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pinged vs. pung

Wednesday, March 28th, 2007

I started thinking about this a while ago. The question is this:

What is the correct past tense form of the verb “ping”?

Thinking about my own usage, I always use pinged for the transitive (“You pinged me yesterday?”). Sometimes I use pung for the intransitive (“I just pung out yet again.”), but not always (“I keep getting pinged, I can’t get anything done” and “He just pinged out, he’ll be back.”) The OED listing for ping is this (according to Dictionary.app, Mac OS X 10.4.9) :

ping, verb [intrans.]   1 make such a sound.     • [trans.] cause (something) to make a such a sound.   2 to query another computer on a TCP/IP network to determine whether there is a connection to it.     • contact a person briefly (esp. electronically) for a brief purpose : he just pinged me, pointing to a breaking news story.

I’ll try to start using “pinged” in all cases from now on.

Additionally, I’d like to apologize for the for the lack of updates in the past month—I’ve been attempting to get my blog on Planet Mozilla, and I have a number of Mozilla-related posts that I’d like published there. So far though, I’m not on it. Partially my fault for not bugging the right people enough, but both they and I are extremely busy. Expect more updates soon :)

Comments

  1. Peter Hosey replied on March 28th, 2007:

    I had a look using egrep ‘^..?ing$’ /usr/share/dict/words to find four- and five-letter “*ing” words. Ignoring nouns and gerunds, we have:

    bring: brought, in all cases.

    ding: dinged, in all cases. (Definitely not dung.)

    sting: stung, in all cases.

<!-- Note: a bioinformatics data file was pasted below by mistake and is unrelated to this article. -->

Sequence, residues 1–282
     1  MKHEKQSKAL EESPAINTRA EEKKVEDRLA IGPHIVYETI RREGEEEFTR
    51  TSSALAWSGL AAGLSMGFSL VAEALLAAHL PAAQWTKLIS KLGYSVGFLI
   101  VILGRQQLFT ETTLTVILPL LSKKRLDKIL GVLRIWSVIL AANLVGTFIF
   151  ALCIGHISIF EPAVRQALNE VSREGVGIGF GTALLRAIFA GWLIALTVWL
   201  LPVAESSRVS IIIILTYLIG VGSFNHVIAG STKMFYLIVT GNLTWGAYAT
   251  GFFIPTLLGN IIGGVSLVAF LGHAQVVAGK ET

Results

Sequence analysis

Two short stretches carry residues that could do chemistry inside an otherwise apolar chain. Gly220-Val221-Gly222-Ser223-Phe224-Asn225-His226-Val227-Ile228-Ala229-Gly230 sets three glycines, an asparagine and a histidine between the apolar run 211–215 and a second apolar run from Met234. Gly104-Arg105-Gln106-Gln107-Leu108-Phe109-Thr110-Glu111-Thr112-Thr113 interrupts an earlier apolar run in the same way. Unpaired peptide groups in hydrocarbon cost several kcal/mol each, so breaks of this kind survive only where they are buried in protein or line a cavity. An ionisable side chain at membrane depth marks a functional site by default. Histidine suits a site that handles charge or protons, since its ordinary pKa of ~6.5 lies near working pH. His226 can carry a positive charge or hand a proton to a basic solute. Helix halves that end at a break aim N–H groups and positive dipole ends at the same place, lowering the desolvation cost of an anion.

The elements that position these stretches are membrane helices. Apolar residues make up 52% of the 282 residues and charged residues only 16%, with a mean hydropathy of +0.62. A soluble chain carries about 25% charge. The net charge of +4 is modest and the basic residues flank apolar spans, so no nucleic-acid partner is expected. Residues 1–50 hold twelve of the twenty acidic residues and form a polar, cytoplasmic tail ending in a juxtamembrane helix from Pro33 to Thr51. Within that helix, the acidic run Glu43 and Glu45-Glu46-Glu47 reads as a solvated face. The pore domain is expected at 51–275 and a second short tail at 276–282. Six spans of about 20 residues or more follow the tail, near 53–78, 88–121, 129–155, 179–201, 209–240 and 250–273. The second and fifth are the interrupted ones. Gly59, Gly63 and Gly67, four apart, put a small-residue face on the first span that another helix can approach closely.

wing: winged, in all cases.

    zing: zinged, in all cases.

    fling: flung, in all cases.

    wring: wringed (pt); wrung (pp)

    ring: ringed (pt); rung (pp)

    So the inged/ung division only happens when the preceding letter is ‘r’. In all other cases, it’s either all-inged or all-ung. I’m inclined to go with “pinged” myself.

  2. mykmelez replied on March 28th, 2007:

    In a recent Skeptical Enquirer, Steven Pinker noted recent brain activity studies that show different parts of the brain being active when speakers use irregular conjugations.

    Specifically, irregular conjugations activate memory areas of the brain, while regular conjugations activate analytical (rule-processing) areas. His theory is that irregular conjugations are harder to use and thus rarer (and restricted to commonly used words), but they’re also more evocative (because memory-related) and thus preferable to boring regular conjugations.

    In any case, conjugations and other grammar change over time (sometimes swinging back and forth), so I wouldn’t get hanged ;-) up on supposed “rules.” Today’s heretical linguistic innovations will be defended as “correct” by tomorrow’s language cops, just as yesterday’s innovations are defended by today’s cops.

    (FWIW, I occasionally have used “pang” and “pung”, but I generally prefer “pinged” these days.)

  3. Colin replied on March 29th, 2007:

    Hm, that’s quite interesting. It seems like that could be the same mechanism by which we differentiate synonyms by connotation. A word’s connotation is pretty much just the contexts in which we remember it being used, and in my experience words which are synonymous with meaning have subtle connotative clues attached to them (that may not even be in a dictionary.

    Back on the original topic. Thinking about my own usage, I seem to only be using “pung” in the construction “pung out,” but only when referring to myself: i.e. I always say “he pinged out a while ago,” but sometimes I say “I pung out a while ago,” rather than “I pinged out a while ago.” I suppose it’s an odd quirk—it does sound interesting though. A Google Search for pinged pung reveals that others have been at least struggling with this, so it’s not just me being odd (whew!)If you have a link to that Skeptical Enquirer, Myk, I’d love to see it.